While the bishops are reflecting, allow me to offer a reflection as well. This one begins with rain. Just about the time the Asian bishops began to arrive here last Monday the skies began to rain. It has hardly let up for three days -- with the remarkable exception of about one hour early this morning when Mass was celebrated on a lawn outside the St. J. Hasang Education Center.

It’s been raining for three days straight, forcing conference participants to dart from one building to another, or in and out of shuttle buses, under umbrellas.

There are two ways to look at the rain. The first is that it is unfortunate for conference participants who have to scurry from building to building under umbrellas. The second – we might call it the Asian way – is to see the bright side, to recognize that the rains have lowered the mid- August temperatures and humidity that makes life close to unbearable for many during Asian summer months. 

The lesson here is that many Asians -- and notably the Asians who have gathered here for the eighth plenary assembly of the Federation of Asian Bishops’ Conferences – are optimistic people, despite trials and setbacks.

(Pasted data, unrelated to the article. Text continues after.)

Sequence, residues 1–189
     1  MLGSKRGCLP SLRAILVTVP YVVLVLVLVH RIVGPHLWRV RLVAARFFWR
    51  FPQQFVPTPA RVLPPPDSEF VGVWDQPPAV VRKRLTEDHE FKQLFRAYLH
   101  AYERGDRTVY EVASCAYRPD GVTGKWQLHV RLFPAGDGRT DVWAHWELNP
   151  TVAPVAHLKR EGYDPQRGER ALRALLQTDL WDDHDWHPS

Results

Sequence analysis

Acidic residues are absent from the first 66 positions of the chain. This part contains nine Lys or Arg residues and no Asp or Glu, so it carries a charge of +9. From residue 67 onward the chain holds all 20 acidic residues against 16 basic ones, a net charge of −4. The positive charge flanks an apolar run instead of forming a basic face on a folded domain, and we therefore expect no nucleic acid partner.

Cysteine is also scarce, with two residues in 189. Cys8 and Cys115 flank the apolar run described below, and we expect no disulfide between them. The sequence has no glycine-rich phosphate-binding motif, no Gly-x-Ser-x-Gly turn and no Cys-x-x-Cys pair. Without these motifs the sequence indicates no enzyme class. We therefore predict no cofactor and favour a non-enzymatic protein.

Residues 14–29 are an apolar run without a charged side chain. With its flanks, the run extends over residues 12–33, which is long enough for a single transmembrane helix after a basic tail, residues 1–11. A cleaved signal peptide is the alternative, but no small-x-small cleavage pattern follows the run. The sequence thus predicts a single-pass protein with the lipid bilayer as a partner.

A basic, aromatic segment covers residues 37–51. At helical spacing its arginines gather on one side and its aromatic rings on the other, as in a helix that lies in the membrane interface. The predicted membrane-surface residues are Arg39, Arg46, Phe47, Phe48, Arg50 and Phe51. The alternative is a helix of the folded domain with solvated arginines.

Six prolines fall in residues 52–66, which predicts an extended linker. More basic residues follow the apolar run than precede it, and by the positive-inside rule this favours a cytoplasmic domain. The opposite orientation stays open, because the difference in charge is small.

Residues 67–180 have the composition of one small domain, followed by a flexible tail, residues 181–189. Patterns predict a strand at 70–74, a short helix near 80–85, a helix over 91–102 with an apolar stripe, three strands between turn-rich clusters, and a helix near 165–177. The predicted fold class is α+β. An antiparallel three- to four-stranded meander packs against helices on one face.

Without a question Asian Catholics, like the wider Asian communities, are faced with challenges that appear to be of biblical proportion. The first section of he working paper, “The pastoral situation on the family in Asia,” lists at length a host of serious crises including widespread poverty, landlessness, cultural globalization, child labor, and ecological degradation among others.

At the same time, one can ask virtually any bishop here about the future of his local church and he has something optimistic to say. More precisely, he is likely to speak of hope.

Bishop Juan de Dios Pueblos, Bishop of Butuan in the Philippines

Consider the words of Bishop Juan de Dios Pueblos, Bishop of Butuan in the Philippines. He says without hesitation, “the level of globalization that exists as an empire is passing.”  Taking its place is a new kind of globalization, “globalization as humanity and collegiality and a sense of one world.” At the level of local church, he sees this same phenomenon. There are signs, he said, of new levels of “loving and sharing each others goods.” Is he hopeful? Very much so. Our hope, he says, is “anchored in the faith that we have in Jesus Christ.”